Cybercriminals are scammers. Like the scammers of old who used ‘the sting’ to trick innocent bystanders to hand over hard-earned cash, modern fraudsters also use inherent ‘trust’ to dupe us. The latest phishing scam demonstrates the psychology of cybercrime very well, but with a few clever twists. In this latest phish, believed to have started on September 21, 2020, scammers turn to their favorite brand, Office 365. The scam takes advantage of users' trust in the challenge-response test, CAPTCHA.
Phishing is an important tool for cybercriminals. The technique is behind 90% of data breaches with 1 in 3 employees clicking on a link in a phishing email. A further 1 in 8 employees will enter login credentials into a spoof site. It potentially takes just a single set of login credentials to execute a cyber-attack against a corporate network.
Phishing relies heavily on manipulating human behavior. One of the ways that human beings interact with computers is using an inherent behavior known as ‘cognitive bias’. We all use biases in making everyday decisions. It helps to make fast choices. This behavior is used by legitimate businesses too. For example, the ‘anchoring effect’ (a form of bias) is used to encourage sales choices. Customers become ‘anchored’ by a single aspect of a product to the exclusion of others, salespeople use this to great effect.
The CAPTCHA system is used on many websites to check that it is a human being, rather than an automated bot, that is entering information into forms, etc. CAPTCHA has been around for many years, so we are all used to it popping up, asking us to pick the cells in an image that shows a hydrant, car, bicycle, etc. Cognitive bias kicks in as we repeatedly interact with CAPTCHA challenges. The latest Office 365 phishing ‘Captcha’ scam uses our cognitive bias and trust that the CAPTCHA system is a security check, along with a few other clever tricks too.
Here is why the latest Office 365 phishing scam works so well:
This latest Office 365 phishing scam has several elements that together make it a cyber-attack that is very difficult to detect and prevent. This Office 365 phishing scam has three core elements to it:
What is particularly clever about this attack is that it uses the security system to defeat itself. The spoof site presents 3-layers of CAPTCHA challenges. The first is a simple “I am a human” check box. The subsequent CAPTCHA challenges ask to pick any box that contains a specific item, e.g. a bicycle. Malware-scanning tools are stopped at the first CAPTCHA challenge and never get to the site that controls the malware; aka the site delivered after successfully passing CAPTCHA number 3. In other words, only human users can get to the spoof site stage.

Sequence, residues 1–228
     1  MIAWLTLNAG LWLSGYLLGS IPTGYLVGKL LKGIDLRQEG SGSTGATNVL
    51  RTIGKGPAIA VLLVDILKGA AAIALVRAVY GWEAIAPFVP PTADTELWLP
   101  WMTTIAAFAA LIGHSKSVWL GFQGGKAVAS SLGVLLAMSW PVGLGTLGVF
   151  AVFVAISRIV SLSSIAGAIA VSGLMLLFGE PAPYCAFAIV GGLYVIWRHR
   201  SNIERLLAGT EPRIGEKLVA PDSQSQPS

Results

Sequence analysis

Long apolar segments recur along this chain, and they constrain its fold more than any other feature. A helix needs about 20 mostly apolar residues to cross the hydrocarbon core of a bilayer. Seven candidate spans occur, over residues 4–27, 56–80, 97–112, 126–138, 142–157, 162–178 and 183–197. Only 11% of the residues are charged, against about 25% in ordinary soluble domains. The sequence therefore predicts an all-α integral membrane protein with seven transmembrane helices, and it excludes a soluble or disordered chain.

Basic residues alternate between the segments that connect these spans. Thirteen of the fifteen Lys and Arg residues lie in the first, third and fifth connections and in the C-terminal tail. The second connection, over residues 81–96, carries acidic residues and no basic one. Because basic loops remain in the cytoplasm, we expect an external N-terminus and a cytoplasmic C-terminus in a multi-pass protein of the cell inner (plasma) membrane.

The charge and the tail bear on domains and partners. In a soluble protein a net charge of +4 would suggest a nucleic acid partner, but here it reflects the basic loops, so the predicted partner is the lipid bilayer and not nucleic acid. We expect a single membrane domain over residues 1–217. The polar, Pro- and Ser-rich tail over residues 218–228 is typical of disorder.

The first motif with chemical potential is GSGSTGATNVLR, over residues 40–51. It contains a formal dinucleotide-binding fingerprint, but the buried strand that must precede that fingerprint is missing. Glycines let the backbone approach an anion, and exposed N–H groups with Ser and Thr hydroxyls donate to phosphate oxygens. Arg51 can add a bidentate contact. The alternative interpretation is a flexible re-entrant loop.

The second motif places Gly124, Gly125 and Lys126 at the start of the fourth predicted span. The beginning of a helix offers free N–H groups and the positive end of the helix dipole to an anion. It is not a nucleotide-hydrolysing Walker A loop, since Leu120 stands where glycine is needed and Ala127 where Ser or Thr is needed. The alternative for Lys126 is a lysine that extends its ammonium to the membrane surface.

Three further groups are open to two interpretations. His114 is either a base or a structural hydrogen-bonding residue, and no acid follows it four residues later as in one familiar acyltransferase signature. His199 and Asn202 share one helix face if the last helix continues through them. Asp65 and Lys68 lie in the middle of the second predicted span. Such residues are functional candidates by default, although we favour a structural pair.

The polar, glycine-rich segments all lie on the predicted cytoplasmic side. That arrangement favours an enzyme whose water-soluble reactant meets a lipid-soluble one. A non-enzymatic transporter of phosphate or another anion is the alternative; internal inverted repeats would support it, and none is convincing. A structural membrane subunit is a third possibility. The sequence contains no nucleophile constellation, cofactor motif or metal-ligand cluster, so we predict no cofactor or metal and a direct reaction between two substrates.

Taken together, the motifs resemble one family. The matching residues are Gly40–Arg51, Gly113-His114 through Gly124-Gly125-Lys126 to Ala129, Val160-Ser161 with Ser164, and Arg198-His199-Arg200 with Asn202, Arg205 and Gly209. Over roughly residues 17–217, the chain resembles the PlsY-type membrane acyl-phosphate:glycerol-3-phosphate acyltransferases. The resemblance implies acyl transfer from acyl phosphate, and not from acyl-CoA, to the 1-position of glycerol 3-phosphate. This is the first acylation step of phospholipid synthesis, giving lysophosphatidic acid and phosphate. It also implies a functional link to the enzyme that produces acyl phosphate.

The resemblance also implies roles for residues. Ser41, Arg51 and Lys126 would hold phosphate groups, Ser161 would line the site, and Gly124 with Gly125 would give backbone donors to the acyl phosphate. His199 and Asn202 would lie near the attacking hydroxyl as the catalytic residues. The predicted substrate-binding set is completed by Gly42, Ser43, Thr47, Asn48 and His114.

The phishing scam is set up so that only specific, chosen, IP ranges can access the spoof site. If an automated (or manual) attempt at detection is outside of the range of IP addresses of interest (i.e. the corporate victim’s IP addresses) the detection attempt will redirect to the real Office 365 site. This is also extended to checking the geolocation of the victim. This is a very effective way of preventing detection, a form of digital ‘bait and switch’.
Cognitive bias is perfect for the cybercriminal to take advantage of, and they use it cleverly in this phish. The spoof site looks real, and it uses CAPTCHA therefore it must be real! That is the thinking behind the phishing scam design. If a user is shown security signals, such as CAPTCHA, coupled with a realistic looking site, the user is more likely to have an inbuilt bias that will allow them to feel comfortable enough to enter login credentials.
A new report from Microsoft points out that:
“...threat actors have rapidly increased in sophistication over the past year, using techniques that make them harder to spot and that threaten even the savviest targets.”
This phishing scam is evidence of this. The cybercriminals behind the scam use layers of protection and trickery to enact their aim of credential theft or install malware.
A Q3 2020 report from Check Point, identified Microsoft was the most popular brand used by cybercriminals to phish users. But others include DHL, PayPal, and Apple. This scam may be Office 365 focused, but cybercriminals change their tactics, and next month it may be another popular online collaboration portal.
Organizations can no longer rely on users to be security aware; these clever tactics use our own inherent behavior against us and layer on multiple techniques to evade detection. Companies across the world should expect increasingly clever phishing scams to continue. Smart solutions such as Web Content Filtering, help to prevent employee access to dangerous websites reducing the likelihood of corporate data breaches and other cyber-attacks.
WebTitan Cloud is a DNS based web content filtering solution that provides complete protection from online threats such as viruses, malware, ransomware, phishing and comprehensive content filtering. WebTitan Cloud is a low maintenance solution that can be set up in five minutes to stop your users from accessing inappropriate content online.
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